Both of our duo was tar­geted at the owner-driver, and this es­pe­cially ap­plies to the Lagonda. A Bri­tish saloon of the Fifties fit­ted with all-in­de­pen­dent sus­pen­sion was ex­tremely unusual and it does feel slightly more at­tuned to the de­mands of a sport­ing mo­torist than the Daim­ler, bal­anc­ing comfort with en­ter­tain­ing road man­ners. The rack and pin­ion steer­ing is heavy but pre­cise and the springs al­low for a com­fort­able ride and, should the mood grab you, spir­ited cor­ner­ing.

And then there is the note of the twin-cam en­gine that was de­signed by Wil­lie Wat­son un­der WO Bent­ley – a pow­er­plant so flex­i­ble that a Lagonda could per­am­bu­late around town at just 10mph or speed down the A1 with equal élan. The unit is pos­i­tively silken – I get the im­pres­sion that that the 3-Litre would be happy to cruise at 80mph with­out dis­turb­ing the oc­cu­pants’ sangfroid.

Early 3-Litres have a steer­ing col­umn gearchange but this splen­did ex­am­ple is one of the MKII mod­els fit­ted with a de­light­fully pre­cise floor lever, while the servo-as­sisted brakes are not the light­est but are ex­cep­tion­ally re­as­sur­ing. In terms of ap­pear­ance, the Lagonda seems a de­gree more dis­creet than the Daim­ler, with lines that com­bined for­mal­ity with an au­then­tic sense of dash. The 3-Litre is only the sec­ond Lagonda of the David Brown era, which be­gan in 1946 when the in­dus­tri­al­ist fa­mously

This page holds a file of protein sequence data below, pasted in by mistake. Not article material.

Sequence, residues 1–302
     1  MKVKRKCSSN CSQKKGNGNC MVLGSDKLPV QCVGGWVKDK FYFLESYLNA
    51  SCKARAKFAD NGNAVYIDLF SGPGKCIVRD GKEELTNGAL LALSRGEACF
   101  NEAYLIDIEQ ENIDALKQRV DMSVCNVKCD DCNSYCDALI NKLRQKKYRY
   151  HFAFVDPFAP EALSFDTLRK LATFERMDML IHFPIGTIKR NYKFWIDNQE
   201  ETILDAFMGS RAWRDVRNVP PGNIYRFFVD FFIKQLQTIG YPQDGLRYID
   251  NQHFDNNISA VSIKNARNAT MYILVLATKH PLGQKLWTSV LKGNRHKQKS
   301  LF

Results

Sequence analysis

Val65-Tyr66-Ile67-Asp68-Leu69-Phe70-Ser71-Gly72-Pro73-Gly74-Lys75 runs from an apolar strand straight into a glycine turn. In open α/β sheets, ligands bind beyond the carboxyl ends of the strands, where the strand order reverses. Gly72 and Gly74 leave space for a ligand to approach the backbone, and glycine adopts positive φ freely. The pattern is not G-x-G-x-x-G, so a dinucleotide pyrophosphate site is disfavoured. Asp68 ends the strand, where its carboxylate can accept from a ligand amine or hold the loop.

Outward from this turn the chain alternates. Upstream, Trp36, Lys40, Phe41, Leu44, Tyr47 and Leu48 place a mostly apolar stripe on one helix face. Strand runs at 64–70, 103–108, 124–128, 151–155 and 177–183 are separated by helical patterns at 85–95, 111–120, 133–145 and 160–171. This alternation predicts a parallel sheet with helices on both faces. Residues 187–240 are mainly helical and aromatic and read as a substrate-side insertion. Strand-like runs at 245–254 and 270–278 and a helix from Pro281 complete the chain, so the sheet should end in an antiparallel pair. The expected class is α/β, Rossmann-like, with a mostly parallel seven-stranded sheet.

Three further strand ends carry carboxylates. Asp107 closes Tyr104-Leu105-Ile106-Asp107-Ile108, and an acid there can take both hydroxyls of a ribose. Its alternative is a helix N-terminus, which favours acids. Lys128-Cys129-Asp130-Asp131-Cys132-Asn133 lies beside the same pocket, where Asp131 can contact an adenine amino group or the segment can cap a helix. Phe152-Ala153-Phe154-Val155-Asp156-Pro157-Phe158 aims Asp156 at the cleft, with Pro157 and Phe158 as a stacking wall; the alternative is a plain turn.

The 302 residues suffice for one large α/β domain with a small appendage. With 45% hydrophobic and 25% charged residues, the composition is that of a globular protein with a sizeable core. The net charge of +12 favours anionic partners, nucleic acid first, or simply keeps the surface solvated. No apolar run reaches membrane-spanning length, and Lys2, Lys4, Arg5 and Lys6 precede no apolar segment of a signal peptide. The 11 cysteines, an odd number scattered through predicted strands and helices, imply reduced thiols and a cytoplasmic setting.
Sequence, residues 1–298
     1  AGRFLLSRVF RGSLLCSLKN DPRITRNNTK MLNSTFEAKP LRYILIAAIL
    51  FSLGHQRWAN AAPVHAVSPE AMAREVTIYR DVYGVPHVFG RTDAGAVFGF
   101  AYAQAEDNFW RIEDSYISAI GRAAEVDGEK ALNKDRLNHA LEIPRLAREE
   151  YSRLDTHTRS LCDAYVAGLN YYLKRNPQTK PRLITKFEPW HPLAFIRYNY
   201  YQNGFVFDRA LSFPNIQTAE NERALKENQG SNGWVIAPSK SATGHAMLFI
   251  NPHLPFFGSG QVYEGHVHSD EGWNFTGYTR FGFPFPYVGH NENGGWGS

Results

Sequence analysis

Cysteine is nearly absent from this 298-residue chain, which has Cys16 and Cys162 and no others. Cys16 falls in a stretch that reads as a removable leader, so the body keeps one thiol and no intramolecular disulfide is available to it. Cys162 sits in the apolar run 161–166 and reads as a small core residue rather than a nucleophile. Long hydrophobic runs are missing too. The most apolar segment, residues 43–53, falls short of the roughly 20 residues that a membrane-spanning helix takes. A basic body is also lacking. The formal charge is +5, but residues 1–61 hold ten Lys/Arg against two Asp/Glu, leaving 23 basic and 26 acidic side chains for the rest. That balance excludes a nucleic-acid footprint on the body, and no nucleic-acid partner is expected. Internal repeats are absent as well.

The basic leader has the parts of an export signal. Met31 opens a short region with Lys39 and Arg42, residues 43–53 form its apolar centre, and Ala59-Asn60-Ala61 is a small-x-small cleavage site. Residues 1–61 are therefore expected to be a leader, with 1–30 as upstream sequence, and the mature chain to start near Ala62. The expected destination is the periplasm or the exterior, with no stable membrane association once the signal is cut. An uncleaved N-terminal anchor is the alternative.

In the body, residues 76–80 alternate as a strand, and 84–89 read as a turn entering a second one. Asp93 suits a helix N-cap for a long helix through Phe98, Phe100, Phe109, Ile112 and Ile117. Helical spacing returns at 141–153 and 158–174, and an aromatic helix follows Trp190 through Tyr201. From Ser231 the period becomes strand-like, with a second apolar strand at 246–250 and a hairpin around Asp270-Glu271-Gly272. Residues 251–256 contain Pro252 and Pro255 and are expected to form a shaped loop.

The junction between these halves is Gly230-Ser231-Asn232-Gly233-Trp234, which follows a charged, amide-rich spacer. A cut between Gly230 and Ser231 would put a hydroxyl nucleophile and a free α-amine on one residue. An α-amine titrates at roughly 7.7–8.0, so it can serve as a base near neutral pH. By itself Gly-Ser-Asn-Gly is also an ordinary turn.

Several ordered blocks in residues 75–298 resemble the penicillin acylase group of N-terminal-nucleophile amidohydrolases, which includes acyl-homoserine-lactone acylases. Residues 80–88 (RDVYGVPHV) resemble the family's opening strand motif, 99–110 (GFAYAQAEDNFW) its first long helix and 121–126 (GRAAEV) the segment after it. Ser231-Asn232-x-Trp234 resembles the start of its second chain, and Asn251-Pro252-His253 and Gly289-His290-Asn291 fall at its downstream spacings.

saw an advertisement of­fer­ing a ‘High-class mo­tor busi­ness, es­tab­lished 25 years, 30,000 pounds, net profit last year 4000 pounds. Write Box V. 1362, The Times, EC4.’

In Fe­bru­ary 1947 Brown bought As­ton Martin for £20,500 and that Septem­ber he spent a fur­ther £52,500 ac­quir­ing Lagonda – one of the at­trac­tions of the lat­ter firm was that twin-cam en­gine. A dis­used air­base near Feltham was to be­come a home for both mar­ques, with the 2.6-litre power plant the cor­ner­stone of the As­ton Martin DB2 and Lagonda’s first post-war saloon, launched in 1948. Five years later the unit was bored out to power the 3-Litre; As­ton Martin en­thu­si­asts would have to wait an­other eight months for it to be fit­ted to the DB2/4.

The new Lagonda was ini­tially only avail­able in two-door coupé and drop­head forms, the four-door saloon be­ing in­tro­duced in 1954. The line-up was facelifted as the MKII in the fol­low­ing year and the fi­nal ex­am­ples listed in 1958.

A Lagonda 3-Litre saloon cost rather more than the Sports­man – in­deed, it rep­re­sented the equiv­a­lent of five years’ wages for an av­er­age Bri­ton – and it feels more pur­pose­ful than the Daim­ler. The 3-Litre’s Tick­ford body con­tains some de­light­fully anachro­nis­tic over­tones, such as the cen­trally hinged front doors, but the flow­ing wings give it a de­ci­sive air. One of its most high-pro­file driv­ers was the Duke of Ed­in­burgh, but the fact that it was never

Power, pres­tige and not a jot of vul­gar­ity – Daim­ler Re­gency Sports­man (left) and Lagonda 3-Litre (right)

Daim­ler cost £2600 in 1955 – twice as much as a bank man­ager-spec Wolse­ley

Pre-se­lec­tor gear­box en­cour­ages dig­ni­fied but not slow progress

Dis­creet styling com­bines for­mal­ity with sense of dash for the sport­ing mo­torist

Lagonda dohc en­gine de­signed by WO Bent­ley’s en­gi­neers

Orig­i­nally pow­ered by a 3.5-litre, this Daim­ler has a Ma­jes­tic 3.8-litre en­gine

Floor-mounted gear­stick makes this a MKII Lagonda 3-Litre